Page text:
Scholars program looks to expand

Richard Watts

Scholars program looks to expand
September 28
04:00 2017


At a place in time where African-American males are constantly stereotyped and shown in a negative light, the Crosby Scholars Community Partnership is looking to expand a program that helps African-American males in the community change that narrative and reach their full potential.

Statistics show that 1 in every 15 black men are incarcerated. And while African-Americans only make up 30 percent of the population, they make up 60 percent of those incarcerated. Several reports have shown there is indirect correlation between educational attainment and incarceration rates.

AAMPED (African American Males Pursuing Educational Dreams) was designed to address these stereotypes and help young men of color in the community continue their education after high school. After a trial run of the program in 2016, AAMPED is looking to make a bigger impact this year.

Mona Lovett, Crosby Scholars CEO and president, said after looking at the numbers in grades six through 10,  the numbers for black males were falling behind. According to Lovett, the program, which is funded by United Way, will have specific programs that will appeal to African-American males between the ages of 12-16.

“We wanted to put more focus on the early years developing relationships and connecting with students,” she said. “That’s a big part of AAMPED.”

To help the program reach new heights, Lovett has brought on former educator James Jessup and retired principal Richard Watts. She said with help from Jessup and Watts, they will look to develop more relationships with students, families and the community.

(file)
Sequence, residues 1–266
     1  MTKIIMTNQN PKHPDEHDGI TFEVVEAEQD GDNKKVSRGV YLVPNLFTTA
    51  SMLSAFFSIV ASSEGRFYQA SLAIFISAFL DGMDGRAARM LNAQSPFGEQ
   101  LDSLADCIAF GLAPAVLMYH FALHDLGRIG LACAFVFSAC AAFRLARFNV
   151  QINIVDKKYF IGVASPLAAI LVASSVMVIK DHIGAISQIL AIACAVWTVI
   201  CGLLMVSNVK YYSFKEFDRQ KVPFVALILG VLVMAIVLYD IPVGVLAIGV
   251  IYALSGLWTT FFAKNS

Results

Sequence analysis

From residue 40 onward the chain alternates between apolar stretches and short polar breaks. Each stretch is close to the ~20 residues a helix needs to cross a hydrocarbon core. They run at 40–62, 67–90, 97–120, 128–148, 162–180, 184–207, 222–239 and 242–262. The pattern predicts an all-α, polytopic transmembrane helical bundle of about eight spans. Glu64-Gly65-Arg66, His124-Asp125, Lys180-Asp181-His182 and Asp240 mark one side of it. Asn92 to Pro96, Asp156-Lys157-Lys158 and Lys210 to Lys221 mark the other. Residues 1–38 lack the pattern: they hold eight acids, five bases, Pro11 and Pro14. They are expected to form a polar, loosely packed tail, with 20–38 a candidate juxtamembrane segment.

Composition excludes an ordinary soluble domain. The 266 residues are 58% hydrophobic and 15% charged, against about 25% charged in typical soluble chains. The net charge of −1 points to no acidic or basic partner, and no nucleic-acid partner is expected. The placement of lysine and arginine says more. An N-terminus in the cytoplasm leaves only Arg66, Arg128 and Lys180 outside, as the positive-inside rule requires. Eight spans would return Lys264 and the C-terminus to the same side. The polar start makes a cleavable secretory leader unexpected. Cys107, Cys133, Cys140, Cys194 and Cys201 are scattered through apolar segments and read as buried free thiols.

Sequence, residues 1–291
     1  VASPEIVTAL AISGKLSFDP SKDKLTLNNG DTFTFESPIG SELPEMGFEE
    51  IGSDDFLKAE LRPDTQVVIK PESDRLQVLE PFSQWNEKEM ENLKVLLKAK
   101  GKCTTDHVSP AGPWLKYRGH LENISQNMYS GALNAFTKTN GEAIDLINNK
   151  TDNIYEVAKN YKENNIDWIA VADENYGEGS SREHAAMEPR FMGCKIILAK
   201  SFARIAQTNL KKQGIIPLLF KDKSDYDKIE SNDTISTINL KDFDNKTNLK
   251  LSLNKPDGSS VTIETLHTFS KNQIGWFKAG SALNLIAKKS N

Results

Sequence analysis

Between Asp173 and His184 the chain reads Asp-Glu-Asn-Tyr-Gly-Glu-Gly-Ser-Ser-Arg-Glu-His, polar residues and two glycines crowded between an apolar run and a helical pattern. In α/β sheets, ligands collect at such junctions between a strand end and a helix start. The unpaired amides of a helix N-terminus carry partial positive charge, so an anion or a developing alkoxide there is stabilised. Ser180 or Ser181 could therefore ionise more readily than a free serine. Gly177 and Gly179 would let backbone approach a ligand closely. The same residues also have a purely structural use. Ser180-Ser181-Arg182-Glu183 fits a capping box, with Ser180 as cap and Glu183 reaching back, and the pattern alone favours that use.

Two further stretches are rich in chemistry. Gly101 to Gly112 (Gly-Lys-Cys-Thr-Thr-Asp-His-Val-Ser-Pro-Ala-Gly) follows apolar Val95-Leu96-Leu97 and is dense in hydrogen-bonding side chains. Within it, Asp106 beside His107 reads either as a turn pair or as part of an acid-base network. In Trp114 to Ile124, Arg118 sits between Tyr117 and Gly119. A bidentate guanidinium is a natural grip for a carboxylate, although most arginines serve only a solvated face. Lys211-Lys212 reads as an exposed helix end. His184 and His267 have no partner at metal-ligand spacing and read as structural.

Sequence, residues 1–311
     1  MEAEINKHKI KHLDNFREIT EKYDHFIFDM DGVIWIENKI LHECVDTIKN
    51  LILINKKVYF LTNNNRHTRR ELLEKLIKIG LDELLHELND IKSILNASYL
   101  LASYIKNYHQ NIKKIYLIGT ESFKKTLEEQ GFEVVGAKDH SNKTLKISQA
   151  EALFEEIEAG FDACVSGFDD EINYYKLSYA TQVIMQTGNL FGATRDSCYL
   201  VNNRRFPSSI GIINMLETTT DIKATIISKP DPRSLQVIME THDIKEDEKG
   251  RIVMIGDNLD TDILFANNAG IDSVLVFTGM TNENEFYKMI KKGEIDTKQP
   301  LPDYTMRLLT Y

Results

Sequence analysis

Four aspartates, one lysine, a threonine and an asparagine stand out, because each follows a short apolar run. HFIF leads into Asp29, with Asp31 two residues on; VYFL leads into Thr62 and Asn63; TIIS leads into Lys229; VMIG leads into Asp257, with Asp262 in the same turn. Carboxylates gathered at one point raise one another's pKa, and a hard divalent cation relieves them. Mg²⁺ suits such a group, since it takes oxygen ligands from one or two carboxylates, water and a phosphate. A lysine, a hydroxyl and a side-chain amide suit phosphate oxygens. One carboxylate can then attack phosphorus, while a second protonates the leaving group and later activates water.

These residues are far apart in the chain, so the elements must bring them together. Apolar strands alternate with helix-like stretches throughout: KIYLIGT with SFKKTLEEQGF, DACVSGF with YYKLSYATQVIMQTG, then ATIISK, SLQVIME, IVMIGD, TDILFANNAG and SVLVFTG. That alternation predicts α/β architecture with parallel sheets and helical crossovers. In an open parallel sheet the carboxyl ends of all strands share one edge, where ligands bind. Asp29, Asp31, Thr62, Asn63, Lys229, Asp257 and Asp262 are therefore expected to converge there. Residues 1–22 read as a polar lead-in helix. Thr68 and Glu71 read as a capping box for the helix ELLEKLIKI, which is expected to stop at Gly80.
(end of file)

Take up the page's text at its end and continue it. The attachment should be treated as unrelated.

“We offered programming last year, and now we’re looking to expand on that and develop more touch points with students and their families. We also want the community to understand what’s going on with Crosby Scholars.”   Lovett said.

While discussing the program with The Chronicle, Jessup said as a former educator who worked in Title I schools, he always saw the need for programs like Crosby Scholars, that help those in need further their education. After working with the AAMPED program last year, Jessup said, he is excited to see the program reach out to more students.  

“Taking what we learned last year, I’m excited to build on that. We are ready to do what we can to connect the school, the community and Crosby all together. After connecting with some of the students last year, we’ve learned that relationships matter. If you don’t connect with people, they’re not going to connect with the program,” said Jessup. “We found the most success when we hosted a program that spoke to issues that weren’t necessarily academic but they were just how do you navigate life or how do you handle this situation.”  

Watts, who recently retired from Winston-Salem Preparatory Academy, said when presented with the opportunity to join the AAMPED team, he couldn’t say no.

“Working with African-American males, building them for college is what caught my attention because this is what I’ve been doing for the last 10 years.,” said Watts. “I thought this was a great opportunity to continue that and do some work in the community.”

The AAMPED team has already reached out to other organizations to build working relationships in the community. According to Watts, they have already reached out to Winston-Salem State University, Wake Forest University and the Ministers’ Conference of Winston-Salem and Vicinity (MCWSV). Throughout the school year, along with programs hosted by Crosby Scholars, AAMPED will host separate programs and events for the young men of color, including guest speakers, and visits to college campuses.

“We’re trying to bring everyone together to build a partnership. We all want the same thing but we have work together to make it happen for our young men.” Watts said.

The deadline to enroll for the program this year is Oct. 8. For more information on the Crosby Scholars or the AAMPED program, visit or by phone call 336-725-5371.

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Tevin Stinson

Tevin Stinson

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